St. Joho calls the last day of the feast of tabernacles, the great day (2), thac i is, the most folemn as we have rendered it. during these festivals, that

part of the sacrifices which was to be eat, and the shew-bread, was divided among the four and twenty courses of priests. Criminals were also kept till these solemn occasions, that their punilhment might be a terror to others. The Jews however were not willing to put Jesus CHRIST to death during the feast, because they were afraid this would cause some disturbance among the people, who took him for the Messiah,

or at least for a great prophet. Which course soever they took, they · must needs have acted against their consciences; for if he was not an

impostor, as undoubtedly they did not look upon him as one, they ought not to have put him to death, either before, or after the feast. And if he was an impostor, they should have put him to death during the feast, according to the law. Providence ordered it so, that he Tould suffer death at the time he did, because, since as he was the truc paschal lamb, or our paffover, to use St. Paul's expression (a), it was nccessary that he Mhould die at that very juncture of time. As there came up to Jerusalem valt numbers of people at these festivals, the Roman governors were wont to give the Jews a garrison of Roman soldiers, to prevent any feditions, or disturbances among the people (b).

(w) Herodot. l. iii. c. 58. Euseb. præpar. Evang. 1. i. c. 9, 70.
(2) Exod. xxxii. 5, 6.

ix) Chryfoftom. T. vi, de Chr. Past. p. 267. Theod. in Deut. Erot. 1. &
Qu. in Exod. 54.
() John vii. 14.

(3) Ibid. ver. 37. (a) 1 Cor. v. 7.

16) Matth. xxvii. 65.

Of the passover.

. It is well known that the passover was fo named from

** the angel's palling over the houses of the Israelites, and sparing their first-boro, when those of the Egyptians were put to death (*). The name of pasover was also given to the lamb, that was killed on the first day of this feast (c). Hence these expressions, 19 eat the pasover (d), to sacrifice the pasover (e) : and hence also it is that St. Paui calls Jesus CHRIST OUT PASSOVER (f), that is, our paschal lamb. The pasover was otherwise named the feast of unleavened bread (£), because it was unlawful to eat any other sort of bread, during the seven days the feast lasted (b). This name however more particularly belongs to the second day of the feast, i.e. the fifteenth of the month (?. We have an account of all the ceremonies belonging to the pallover in several places of the pe tateuch. They may be reduced to these three heads. 1. The killing and eating of the pasehal lamb : 2. The eating the unleavened bread : And, 3. Offering up to God the Omer, or band. ful of barley.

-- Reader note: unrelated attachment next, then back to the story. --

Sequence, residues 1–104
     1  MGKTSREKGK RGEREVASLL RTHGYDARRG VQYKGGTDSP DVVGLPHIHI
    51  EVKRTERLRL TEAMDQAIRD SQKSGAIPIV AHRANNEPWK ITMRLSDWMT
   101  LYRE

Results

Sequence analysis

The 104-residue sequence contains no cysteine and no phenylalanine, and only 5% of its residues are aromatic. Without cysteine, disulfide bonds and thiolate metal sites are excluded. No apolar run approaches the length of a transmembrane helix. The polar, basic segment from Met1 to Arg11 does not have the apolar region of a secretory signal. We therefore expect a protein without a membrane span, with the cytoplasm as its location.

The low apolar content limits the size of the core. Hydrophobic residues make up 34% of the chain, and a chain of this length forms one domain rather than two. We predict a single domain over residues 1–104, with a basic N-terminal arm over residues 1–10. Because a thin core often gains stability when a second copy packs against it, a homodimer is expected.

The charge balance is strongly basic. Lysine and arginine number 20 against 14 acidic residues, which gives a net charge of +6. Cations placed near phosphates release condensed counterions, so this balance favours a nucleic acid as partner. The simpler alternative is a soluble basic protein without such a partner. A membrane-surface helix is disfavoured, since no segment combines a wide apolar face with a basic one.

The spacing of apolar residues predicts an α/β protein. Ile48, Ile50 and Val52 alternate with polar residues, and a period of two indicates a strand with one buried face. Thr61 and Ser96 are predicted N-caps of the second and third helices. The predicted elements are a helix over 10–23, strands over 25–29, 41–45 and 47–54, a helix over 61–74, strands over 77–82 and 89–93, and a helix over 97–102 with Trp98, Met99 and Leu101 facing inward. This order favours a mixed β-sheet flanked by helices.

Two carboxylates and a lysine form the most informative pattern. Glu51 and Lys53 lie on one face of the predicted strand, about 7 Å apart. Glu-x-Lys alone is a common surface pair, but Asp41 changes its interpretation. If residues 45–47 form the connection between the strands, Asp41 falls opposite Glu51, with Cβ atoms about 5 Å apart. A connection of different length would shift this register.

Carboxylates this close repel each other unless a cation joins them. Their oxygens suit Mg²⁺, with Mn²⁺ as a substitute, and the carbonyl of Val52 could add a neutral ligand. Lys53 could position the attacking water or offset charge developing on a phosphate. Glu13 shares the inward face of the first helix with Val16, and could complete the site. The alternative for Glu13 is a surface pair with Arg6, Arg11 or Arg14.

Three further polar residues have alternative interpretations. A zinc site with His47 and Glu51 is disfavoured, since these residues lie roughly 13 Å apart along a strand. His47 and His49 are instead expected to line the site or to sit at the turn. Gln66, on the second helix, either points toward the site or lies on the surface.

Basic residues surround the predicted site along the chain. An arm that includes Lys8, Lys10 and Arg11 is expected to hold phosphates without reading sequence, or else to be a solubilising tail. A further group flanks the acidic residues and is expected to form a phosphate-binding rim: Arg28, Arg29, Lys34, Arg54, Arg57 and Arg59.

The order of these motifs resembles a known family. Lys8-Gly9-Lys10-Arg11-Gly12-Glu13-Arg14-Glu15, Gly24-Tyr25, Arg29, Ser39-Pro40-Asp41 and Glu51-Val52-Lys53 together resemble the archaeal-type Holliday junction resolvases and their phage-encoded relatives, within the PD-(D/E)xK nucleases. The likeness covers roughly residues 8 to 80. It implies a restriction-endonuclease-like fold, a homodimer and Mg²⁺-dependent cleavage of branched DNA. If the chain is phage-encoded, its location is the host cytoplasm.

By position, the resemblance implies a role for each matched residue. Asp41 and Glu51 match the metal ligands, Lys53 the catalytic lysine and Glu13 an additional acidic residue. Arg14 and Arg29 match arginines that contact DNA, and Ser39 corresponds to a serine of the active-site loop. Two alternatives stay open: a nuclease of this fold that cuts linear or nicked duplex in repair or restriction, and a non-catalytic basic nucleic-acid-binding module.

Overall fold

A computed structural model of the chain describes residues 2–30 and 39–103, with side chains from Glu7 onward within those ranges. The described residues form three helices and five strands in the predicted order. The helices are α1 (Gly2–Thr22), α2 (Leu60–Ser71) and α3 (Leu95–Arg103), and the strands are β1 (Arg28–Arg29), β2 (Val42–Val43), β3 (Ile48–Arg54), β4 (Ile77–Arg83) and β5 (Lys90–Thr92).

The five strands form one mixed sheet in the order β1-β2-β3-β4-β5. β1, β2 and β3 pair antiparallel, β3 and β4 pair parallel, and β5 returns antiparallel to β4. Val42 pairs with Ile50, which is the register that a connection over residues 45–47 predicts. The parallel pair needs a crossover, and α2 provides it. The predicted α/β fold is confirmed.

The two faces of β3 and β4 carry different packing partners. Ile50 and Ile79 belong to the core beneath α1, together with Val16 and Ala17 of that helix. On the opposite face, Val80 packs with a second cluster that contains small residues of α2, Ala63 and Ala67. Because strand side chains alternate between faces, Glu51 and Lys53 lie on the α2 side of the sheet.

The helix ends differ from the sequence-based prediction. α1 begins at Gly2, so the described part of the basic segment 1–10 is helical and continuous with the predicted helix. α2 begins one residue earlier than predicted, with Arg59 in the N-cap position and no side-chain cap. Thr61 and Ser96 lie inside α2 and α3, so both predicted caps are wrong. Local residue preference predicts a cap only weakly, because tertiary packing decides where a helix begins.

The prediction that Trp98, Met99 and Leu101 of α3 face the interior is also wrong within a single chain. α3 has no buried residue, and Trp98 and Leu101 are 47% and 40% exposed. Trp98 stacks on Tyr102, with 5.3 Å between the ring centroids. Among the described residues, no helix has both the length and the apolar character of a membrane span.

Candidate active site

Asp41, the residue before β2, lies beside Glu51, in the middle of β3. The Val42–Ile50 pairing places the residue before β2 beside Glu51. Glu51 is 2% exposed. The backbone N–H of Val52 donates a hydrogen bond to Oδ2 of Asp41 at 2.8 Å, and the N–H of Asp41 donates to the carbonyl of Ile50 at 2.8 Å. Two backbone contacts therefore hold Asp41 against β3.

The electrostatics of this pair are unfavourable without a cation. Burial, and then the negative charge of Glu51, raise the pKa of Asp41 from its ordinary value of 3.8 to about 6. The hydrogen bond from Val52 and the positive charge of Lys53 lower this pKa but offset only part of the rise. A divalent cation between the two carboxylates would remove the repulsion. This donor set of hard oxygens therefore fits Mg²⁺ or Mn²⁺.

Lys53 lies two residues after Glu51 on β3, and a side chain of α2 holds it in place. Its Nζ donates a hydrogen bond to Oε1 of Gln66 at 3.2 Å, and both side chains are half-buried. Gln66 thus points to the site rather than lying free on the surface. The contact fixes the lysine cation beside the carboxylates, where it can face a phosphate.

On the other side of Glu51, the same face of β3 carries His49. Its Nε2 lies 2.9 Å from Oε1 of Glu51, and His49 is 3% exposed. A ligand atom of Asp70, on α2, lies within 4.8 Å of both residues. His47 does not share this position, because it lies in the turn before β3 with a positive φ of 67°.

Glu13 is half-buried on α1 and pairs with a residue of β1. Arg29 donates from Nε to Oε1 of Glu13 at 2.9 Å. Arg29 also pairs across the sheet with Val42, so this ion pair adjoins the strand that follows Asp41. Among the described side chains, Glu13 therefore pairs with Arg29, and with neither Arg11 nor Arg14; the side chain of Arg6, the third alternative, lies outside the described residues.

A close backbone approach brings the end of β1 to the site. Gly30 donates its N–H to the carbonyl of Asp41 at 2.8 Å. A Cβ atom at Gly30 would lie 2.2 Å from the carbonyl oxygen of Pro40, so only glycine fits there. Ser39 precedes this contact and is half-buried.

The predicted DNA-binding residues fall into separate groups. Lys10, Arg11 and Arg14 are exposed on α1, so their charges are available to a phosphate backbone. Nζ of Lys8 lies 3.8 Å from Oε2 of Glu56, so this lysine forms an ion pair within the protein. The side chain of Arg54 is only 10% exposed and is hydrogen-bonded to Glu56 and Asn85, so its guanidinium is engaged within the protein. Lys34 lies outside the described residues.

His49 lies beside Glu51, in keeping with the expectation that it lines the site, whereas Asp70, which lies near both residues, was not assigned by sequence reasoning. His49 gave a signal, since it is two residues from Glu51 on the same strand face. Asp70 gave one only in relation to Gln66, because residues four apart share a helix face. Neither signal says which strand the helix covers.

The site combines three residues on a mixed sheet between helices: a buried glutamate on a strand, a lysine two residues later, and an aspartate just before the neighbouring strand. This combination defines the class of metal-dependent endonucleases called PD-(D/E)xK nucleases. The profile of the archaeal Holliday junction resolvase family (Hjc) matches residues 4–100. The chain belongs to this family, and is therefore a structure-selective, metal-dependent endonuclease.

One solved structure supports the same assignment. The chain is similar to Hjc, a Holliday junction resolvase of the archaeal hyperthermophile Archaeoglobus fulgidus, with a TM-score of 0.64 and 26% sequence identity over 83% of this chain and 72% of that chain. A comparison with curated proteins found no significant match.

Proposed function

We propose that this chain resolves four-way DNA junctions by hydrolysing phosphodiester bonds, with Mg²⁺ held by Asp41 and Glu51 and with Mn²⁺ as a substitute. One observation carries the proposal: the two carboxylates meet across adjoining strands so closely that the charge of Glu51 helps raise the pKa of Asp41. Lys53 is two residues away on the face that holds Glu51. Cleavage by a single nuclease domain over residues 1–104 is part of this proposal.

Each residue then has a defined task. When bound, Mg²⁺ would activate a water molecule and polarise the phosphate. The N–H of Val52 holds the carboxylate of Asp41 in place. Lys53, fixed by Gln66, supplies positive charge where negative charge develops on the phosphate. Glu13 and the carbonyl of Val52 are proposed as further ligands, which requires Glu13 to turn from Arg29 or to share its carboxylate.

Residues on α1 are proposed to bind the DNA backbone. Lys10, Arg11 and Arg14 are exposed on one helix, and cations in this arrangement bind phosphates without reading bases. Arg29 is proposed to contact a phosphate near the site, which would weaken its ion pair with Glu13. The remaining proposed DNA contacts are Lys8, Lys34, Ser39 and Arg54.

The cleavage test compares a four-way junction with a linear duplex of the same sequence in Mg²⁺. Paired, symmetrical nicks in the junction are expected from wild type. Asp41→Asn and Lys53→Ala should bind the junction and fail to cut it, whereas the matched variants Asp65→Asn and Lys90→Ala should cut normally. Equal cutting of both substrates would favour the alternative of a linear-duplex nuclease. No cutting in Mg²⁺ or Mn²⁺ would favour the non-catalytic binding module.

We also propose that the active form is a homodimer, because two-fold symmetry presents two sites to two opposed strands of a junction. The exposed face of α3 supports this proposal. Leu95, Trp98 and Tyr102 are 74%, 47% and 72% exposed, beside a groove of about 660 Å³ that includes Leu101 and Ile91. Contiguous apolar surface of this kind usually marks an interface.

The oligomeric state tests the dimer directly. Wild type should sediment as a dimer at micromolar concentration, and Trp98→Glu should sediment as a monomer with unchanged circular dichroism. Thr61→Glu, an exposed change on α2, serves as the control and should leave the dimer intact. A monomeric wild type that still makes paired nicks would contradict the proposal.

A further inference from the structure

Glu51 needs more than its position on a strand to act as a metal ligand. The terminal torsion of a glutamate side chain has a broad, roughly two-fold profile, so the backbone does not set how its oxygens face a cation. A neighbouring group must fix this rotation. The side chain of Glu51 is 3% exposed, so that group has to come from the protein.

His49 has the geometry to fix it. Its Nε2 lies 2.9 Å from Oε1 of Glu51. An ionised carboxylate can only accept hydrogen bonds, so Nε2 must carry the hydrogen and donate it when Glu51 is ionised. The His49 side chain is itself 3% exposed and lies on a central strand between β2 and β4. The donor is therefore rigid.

The chicf things to be observed with relation to the paschal lambat kid, are as follow. 1. It is to be noted, that on all the feasts (k), and particularly at the passover, there were great numbers of victims llain from among the cat:le, as bulls, and the like (*). The paschal feast be gun by serving up of the flesh of these facrifices, after which the lamb was eaten. The first was what the guells were to fup upon, for the lamb was symbolical, and it was sufficient for any one to eat of it about the bigness of an olive, if they were satisfied before, or in case the lamb was not enough for every one. 2. This lamb was a representation of that which the Israelites had eaten in Egypt, and was called the body of the palover, to distinguish that part of the paschal lamb which was eate? froin what was offered upon the altar : that is, the blood which was sprinkled, and the entrails that were burnt. Jesus Christ manifelly alluded to this expression, when he said of the bread, this is my body; 25 if he had said, this is not the body of the pasi hal lamh, which we have just now eaten, but the body of the true lamb, whereof the other was only a figure. 3. The lamb was killed the fourieenth day of the month Nisan (12), in the evening, or, as the scripture expreffes it, between the tw? evenings (+). Such as could not celebraie the passover on the day appointed, upon the account of some legal unclesuness, or any other indisposition, were obliged to do it the fourteenth day of the next month.

(*) Exod. xii. 12, 13. The Hebre:v verb, from whence the word parrot is derived, doth not only signify to pass from one place to another, but allo to pass over, to spare, to pass without doing any harm; and therefore the frothy have rendered it by a word that signifies to protect..

(c) Ezra vi. 20. Matth. xxvi. 17. (d) Mark xiv. 12. 14. le) , Cor. v. 7. (f) Ibid. (g) Luke xxii. 1. Mark xiv. 12. (b) Exod. xii. 18. Numb. xxviii. 17. Deut. xvi. 8. (ij Lev. xxiii. 6. Mark xiv, 1. Jos. Antiq. I. ili, cap. 10. (k) Deut. xvii. 2 Chron. xxxv. (*) These the Jews termed chagiga, i. e. rejoicing. (m) Exod. xii. 6. Numb. ix. 5. Deut. xvi. 6. Toth. v, 10. (1) That is, from 12 or 1 o'clock, till sun-etting.